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How to Add a Computer to a Domain using PowerShell

In the modern IT landscape, ensuring a computer joins the appropriate domain is more than a convenience—it’s an essential step toward consolidating control, simplifying access, and maintaining network security. This PowerShell script is designed to streamline the process of adding a computer to a domain.

Background

PowerShell has risen to prominence among IT professionals and Managed Service Providers (MSPs) as a robust and versatile scripting language. Its flexibility allows administrators to automate repetitive tasks, enforce policies, and configure systems quickly. The script presented here serves a crucial function: it enables computers to join a domain seamlessly. Domains are pivotal in the enterprise IT world, as they facilitate resource sharing, centralized authentication, and policy enforcement. A script that can reliably add computers to a domain thus adds immense value.

The Script

#Requires -Version 5.1

<#
.SYNOPSIS
    Joins a computer to a domain.
.DESCRIPTION
    Joins a computer to a domain.
.EXAMPLE
     -DomainName "Domain.com" -UserName "DomainMyDomainUser" -Password "Somepass1"
    Joins a computer to a "Domain.com" domain and restarts the computer. Don't expect a success result in Ninja as the computer will reboot before the script can return a result.
.EXAMPLE
     -DomainName "Domain.com" -UserName "DomainMyDomainUser" -Password "Somepass1" -NoRestart
    Joins a computer to a "Domain.com" domain and does not restart the computer.
.EXAMPLE
    PS C:> Join-Domain.ps1 -DomainName "domain.com" -UserName "DomainMyDomainUser" -Password "Somepass1" -NoRestart
    Joins a computer to a "Domain.com" domain and does not restart the computer.
.EXAMPLE
     -DomainName "Domain.com" -UserName "DomainMyDomainUser" -Password "Somepass1" -Server "192.168.0.1"
    Not recommended if the computer this script is running on does not have one of the Domain Controllers set as its DNS server.
    Joins a computer to a "Domain.com" domain, talks to the domain with the IP address of "192.168.0.1", and restarts the computer.
.OUTPUTS
    String[]
.NOTES
    Minimum OS Architecture Supported: Windows 10, Windows Server 2016
    Release Notes:
    Initial Release
By using this script, you indicate your acceptance of the following legal terms as well as our Terms of Use at https://www.ninjaone.com/terms-of-use.
    Ownership Rights: NinjaOne owns and will continue to own all right, title, and interest in and to the script (including the copyright). NinjaOne is giving you a limited license to use the script in accordance with these legal terms.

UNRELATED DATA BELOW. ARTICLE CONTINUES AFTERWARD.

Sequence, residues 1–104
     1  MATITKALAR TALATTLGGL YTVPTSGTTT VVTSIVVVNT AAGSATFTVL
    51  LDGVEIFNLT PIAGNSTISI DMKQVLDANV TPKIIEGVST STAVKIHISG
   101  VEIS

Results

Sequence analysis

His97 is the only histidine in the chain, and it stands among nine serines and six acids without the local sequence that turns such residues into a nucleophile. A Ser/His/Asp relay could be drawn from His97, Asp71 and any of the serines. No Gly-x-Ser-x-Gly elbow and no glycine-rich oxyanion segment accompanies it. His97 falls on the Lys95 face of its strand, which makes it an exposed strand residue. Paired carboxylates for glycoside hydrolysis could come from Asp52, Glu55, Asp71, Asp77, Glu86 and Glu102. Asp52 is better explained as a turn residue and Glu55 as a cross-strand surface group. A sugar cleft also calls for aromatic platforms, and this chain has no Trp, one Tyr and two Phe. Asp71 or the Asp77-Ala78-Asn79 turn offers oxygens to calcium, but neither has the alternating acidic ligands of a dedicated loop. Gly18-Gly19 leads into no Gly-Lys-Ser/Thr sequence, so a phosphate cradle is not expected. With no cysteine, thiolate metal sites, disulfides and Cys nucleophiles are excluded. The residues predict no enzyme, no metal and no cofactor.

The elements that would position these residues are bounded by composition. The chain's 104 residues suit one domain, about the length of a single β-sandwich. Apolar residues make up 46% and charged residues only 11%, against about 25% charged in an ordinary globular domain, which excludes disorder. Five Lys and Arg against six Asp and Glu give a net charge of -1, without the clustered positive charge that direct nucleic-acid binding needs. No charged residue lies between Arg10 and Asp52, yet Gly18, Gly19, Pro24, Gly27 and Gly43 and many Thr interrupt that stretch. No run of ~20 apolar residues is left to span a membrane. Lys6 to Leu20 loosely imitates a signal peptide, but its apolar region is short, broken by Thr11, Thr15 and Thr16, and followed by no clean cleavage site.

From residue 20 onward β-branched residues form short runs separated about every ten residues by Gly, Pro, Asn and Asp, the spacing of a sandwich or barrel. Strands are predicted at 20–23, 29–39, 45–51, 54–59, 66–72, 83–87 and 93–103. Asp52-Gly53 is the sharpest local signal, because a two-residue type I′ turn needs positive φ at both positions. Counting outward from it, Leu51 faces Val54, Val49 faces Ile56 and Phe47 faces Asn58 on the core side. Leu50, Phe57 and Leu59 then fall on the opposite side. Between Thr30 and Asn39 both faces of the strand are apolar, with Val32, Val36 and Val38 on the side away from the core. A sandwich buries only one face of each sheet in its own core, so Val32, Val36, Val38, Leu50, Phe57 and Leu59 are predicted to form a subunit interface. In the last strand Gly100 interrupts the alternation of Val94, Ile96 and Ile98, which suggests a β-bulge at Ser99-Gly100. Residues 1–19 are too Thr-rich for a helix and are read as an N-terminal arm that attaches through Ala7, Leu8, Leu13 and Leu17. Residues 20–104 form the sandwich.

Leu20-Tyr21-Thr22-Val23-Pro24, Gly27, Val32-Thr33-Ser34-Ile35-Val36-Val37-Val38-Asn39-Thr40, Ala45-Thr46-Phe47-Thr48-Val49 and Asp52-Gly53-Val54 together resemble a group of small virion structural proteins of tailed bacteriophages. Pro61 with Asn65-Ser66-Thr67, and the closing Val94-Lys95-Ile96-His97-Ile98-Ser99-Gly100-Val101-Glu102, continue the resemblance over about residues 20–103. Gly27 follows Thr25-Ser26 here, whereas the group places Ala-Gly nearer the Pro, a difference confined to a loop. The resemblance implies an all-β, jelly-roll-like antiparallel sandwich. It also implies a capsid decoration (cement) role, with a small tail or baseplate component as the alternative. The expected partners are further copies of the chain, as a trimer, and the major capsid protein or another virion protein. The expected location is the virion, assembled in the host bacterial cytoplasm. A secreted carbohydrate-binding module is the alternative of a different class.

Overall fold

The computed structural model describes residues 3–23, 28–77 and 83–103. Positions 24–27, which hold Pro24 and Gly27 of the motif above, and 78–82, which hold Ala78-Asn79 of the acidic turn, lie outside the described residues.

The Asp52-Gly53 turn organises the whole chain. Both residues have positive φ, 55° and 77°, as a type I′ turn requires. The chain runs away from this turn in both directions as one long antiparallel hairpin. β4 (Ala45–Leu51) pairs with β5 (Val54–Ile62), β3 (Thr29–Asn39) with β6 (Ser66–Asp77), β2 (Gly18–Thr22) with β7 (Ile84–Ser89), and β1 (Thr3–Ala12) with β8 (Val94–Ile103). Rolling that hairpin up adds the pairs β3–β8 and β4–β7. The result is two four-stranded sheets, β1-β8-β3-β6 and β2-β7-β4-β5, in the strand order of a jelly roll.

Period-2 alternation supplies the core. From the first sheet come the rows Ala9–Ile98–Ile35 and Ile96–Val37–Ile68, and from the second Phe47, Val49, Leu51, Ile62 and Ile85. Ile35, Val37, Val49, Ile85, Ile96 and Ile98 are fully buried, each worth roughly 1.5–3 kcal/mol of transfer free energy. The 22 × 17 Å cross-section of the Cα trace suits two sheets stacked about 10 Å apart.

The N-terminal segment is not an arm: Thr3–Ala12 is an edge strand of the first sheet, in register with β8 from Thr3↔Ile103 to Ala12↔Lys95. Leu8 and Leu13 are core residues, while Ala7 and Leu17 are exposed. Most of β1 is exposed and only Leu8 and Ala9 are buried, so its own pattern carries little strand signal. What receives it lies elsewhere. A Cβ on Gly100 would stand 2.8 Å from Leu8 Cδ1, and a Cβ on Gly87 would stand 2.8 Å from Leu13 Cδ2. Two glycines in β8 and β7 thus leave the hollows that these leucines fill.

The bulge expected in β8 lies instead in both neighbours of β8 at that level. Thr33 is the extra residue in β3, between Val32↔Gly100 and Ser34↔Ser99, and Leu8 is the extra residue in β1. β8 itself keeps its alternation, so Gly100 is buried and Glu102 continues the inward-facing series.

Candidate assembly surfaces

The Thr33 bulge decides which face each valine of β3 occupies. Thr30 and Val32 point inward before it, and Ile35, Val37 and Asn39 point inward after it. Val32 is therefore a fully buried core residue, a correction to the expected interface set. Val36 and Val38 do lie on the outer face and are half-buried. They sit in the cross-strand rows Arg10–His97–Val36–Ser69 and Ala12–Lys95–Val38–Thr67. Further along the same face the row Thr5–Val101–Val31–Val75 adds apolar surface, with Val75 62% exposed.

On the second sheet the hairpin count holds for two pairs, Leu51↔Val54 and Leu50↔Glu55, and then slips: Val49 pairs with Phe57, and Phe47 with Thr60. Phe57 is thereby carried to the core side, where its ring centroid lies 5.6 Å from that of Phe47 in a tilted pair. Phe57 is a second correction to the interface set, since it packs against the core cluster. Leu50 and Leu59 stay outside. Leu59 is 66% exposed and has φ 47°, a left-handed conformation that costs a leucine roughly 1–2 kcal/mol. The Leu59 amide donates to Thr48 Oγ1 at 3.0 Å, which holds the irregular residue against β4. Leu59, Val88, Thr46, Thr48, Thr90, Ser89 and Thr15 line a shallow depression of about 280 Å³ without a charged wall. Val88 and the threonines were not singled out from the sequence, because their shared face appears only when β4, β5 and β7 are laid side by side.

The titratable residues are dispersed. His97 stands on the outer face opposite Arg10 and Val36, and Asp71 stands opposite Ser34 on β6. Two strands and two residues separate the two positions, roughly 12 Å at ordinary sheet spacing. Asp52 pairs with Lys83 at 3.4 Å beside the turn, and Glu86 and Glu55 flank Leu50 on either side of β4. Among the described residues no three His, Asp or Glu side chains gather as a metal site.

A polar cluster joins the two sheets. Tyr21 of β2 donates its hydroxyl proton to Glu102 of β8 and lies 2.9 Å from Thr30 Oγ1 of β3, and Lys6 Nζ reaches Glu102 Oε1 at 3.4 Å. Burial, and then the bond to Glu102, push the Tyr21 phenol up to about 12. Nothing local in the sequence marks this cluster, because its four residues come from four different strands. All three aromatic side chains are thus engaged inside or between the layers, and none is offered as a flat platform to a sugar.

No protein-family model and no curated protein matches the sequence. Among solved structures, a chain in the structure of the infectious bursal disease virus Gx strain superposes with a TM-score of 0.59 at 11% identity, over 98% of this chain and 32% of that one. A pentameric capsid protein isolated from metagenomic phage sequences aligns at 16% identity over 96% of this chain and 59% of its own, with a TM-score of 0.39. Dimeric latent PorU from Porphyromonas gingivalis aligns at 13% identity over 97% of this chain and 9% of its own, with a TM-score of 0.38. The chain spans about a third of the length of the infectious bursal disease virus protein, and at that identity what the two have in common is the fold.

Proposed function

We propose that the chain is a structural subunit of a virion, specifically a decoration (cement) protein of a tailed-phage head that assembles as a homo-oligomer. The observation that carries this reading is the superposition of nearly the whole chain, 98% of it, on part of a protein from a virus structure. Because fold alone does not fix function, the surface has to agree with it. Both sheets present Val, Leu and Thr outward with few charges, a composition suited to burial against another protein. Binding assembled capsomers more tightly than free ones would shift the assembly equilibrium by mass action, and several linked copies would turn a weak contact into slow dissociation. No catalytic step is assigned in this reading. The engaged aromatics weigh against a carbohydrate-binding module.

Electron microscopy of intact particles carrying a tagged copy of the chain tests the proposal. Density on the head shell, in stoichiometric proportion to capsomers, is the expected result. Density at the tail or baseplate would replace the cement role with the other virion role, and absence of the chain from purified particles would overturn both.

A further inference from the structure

Use Limitation: You may only use the script for your legitimate personal or internal business purposes, and you may not share the script with another party. 
    Republication Prohibition: Under no circumstances are you permitted to re-publish the script in any script library or website belonging to or under the control of any other software provider. 
    Warranty Disclaimer: The script is provided “as is” and “as available”, without warranty of any kind. NinjaOne makes no promise or guarantee that the script will be free from defects or that it will meet your specific needs or expectations. 
    Assumption of Risk: Your use of the script is at your own risk. You acknowledge that there are certain inherent risks in using the script, and you understand and assume each of those risks. 
    Waiver and Release: You will not hold NinjaOne responsible for any adverse or unintended consequences resulting from your use of the script, and you waive any legal or equitable rights or remedies you may have against NinjaOne relating to your use of the script. 
    EULA: If you are a NinjaOne customer, your use of the script is subject to the End User License Agreement applicable to you (EULA).
.COMPONENT
    ManageUsers
#>

[CmdletBinding()]
param (
    # Domain Name to join computer to
    [Parameter(Mandatory = $true)]
    [String]
    $DomainName,
    # Use a Domain UserName to join this computer to a domain, this requires the Password parameter to be used as well
    [Parameter(Mandatory = $true)]
    [String]
    $UserName,
    # Use a Domain Password to join this computer from a domain
    [Parameter(Mandatory = $true)]
    $Password,
    # Used only when computer can't locate a domain controler via DNS or you wish to connect to a specific DC